Physical movement and memory are so closely intertwined that even a seemingly meaningless motion, like moving marbles from one box to another, alters the speed and tenor of recall.
The marble-moving study was performed by Daniel Casasanto and Katinka Dijkstra, psychologists at the Max Planck Institute and Erasmus University, and published in March in the journal Cognition.
In earlier studies, the group showed how right-handed people associate positive emotions with the rightward direction, and negative with left. Left-handed people experience the opposite. They’ve also shown that people are better at recalling activities when their bodies are engaged in relevant postures. Other researchers have documented how smiling and frowning alters emotion, and how sitting upright or slumping affects cognitive performance.
Researchers have proposed two explanations for these results. Casasanto and Dijkstra think that motion is metaphorical. We’ve come to associate spatial characteristics with emotional values in our minds, and physical motions activate the same pathways: Jumping sends spirits soaring. Other researchers suspect the link is more direct. They think that we associate memories with physical movements involved in their formation. A nasty fall once caused pain, so falling has negative connotations forever.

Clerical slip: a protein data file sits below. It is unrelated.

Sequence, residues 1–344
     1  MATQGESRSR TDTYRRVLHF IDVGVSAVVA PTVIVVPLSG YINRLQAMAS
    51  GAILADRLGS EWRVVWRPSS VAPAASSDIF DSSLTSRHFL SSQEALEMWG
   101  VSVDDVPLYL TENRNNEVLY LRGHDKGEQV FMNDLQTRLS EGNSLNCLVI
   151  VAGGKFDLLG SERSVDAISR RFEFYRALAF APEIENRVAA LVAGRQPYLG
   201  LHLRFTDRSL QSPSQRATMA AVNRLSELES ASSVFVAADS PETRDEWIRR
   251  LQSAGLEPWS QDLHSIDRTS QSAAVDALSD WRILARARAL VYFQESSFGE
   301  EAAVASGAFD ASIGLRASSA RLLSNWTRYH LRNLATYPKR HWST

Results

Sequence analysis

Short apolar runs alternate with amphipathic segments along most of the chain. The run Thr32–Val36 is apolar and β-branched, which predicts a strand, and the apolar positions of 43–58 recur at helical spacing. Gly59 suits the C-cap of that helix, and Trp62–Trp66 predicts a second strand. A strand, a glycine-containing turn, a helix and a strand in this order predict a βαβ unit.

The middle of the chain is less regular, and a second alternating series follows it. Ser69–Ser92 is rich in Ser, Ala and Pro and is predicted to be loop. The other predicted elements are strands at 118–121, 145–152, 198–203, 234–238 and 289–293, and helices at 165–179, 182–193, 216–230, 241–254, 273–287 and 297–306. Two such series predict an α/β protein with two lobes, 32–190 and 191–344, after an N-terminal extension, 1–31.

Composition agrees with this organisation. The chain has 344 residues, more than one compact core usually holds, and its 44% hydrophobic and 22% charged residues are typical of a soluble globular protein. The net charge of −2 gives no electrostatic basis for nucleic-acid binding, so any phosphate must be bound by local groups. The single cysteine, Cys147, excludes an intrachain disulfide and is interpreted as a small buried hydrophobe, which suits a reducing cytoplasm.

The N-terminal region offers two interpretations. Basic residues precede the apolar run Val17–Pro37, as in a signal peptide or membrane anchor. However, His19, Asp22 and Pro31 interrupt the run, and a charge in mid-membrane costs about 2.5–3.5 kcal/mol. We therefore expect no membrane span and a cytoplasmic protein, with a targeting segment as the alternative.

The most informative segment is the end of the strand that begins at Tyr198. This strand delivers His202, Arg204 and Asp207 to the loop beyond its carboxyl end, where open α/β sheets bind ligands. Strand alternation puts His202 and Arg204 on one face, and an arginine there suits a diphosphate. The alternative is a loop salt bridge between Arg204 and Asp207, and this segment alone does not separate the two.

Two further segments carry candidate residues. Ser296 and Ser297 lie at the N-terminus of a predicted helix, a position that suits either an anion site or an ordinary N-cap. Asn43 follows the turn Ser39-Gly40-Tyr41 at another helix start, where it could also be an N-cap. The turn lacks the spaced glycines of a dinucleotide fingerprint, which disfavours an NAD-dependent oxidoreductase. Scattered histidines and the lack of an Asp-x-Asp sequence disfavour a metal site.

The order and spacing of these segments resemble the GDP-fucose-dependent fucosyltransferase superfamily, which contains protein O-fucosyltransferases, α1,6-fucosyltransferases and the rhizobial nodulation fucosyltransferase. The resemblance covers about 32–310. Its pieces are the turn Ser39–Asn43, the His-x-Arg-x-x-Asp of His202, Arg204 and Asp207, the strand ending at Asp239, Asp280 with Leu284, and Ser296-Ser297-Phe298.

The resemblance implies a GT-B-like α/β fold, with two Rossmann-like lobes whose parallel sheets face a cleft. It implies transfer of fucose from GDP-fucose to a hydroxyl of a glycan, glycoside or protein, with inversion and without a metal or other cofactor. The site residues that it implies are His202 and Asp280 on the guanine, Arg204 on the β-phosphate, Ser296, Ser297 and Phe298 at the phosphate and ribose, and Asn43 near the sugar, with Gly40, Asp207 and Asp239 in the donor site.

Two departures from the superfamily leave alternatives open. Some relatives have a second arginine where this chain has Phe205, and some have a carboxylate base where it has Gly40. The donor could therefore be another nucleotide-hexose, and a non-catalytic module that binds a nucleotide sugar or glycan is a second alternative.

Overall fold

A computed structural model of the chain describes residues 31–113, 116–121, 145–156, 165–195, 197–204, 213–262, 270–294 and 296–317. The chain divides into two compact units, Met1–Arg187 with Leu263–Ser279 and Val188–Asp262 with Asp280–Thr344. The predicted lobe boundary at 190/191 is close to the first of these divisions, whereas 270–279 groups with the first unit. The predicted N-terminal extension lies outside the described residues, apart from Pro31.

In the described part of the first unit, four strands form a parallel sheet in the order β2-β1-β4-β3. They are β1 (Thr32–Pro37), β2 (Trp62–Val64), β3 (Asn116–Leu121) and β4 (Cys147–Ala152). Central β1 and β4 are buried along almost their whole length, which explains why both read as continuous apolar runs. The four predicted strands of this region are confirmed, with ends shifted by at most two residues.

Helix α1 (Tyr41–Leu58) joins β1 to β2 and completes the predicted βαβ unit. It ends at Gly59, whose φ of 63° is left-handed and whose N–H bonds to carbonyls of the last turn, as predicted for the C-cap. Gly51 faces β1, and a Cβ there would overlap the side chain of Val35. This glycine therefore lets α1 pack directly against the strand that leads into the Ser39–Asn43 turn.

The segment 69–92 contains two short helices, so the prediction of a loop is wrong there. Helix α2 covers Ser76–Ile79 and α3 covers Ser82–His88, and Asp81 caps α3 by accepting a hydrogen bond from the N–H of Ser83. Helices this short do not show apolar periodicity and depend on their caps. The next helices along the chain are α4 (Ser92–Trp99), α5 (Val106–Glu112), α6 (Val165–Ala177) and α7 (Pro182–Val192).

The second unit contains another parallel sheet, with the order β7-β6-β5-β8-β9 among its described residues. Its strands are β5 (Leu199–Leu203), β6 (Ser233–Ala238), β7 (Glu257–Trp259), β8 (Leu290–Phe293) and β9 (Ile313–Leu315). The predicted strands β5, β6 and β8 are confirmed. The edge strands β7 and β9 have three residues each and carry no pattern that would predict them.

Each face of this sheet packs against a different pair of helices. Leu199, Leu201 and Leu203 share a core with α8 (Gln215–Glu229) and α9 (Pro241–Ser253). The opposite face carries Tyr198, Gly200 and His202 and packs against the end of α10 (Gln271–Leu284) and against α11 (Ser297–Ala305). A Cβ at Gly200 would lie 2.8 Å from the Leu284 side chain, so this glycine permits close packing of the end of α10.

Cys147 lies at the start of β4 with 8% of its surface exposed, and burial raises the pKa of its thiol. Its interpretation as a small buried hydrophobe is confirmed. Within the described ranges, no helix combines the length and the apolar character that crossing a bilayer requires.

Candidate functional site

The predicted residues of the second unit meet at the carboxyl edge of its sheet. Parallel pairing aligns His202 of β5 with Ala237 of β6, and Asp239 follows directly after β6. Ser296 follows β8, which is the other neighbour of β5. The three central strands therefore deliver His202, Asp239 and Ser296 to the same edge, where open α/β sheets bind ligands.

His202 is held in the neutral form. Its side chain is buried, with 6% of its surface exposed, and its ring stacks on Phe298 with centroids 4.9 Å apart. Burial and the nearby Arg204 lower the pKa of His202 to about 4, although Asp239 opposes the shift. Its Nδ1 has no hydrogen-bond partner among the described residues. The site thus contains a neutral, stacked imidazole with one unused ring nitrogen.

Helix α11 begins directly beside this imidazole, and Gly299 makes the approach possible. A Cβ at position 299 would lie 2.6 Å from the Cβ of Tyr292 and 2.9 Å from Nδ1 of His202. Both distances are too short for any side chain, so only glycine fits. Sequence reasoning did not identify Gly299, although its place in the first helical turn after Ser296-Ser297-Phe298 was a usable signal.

To investigate the mechanisms tying motion to memory, Casasanto and Dijkstra instructed 24 college students to move marbles with both hands between two stacked boxes. As they moved the marbles, they were asked about times they had “felt really cool,” “ate something delicious” and other emotion-specific experiences.
When moving the marbles upward, the students were quicker to recall positive experiences and slower to remember the negative. When moving marbles down, happy memories came slowly and sad memories fast.
In the second part of the study, students were asked more general questions, such as “tell me about something that happened last summer.” When moving marbles up, they were more likely to recall a happy time. Moving marbles down brought back unhappy memories.
Because moving marbles is a motion not likely linked to a specific memory, the findings suggest a metaphorical link between motion and memory, say the researchers. Of course, there could still be a direct link in other circumstances. But whatever the explanations, the results add further weight to the idea that bodies are not simply vehicles for our brains, but an important part of our minds.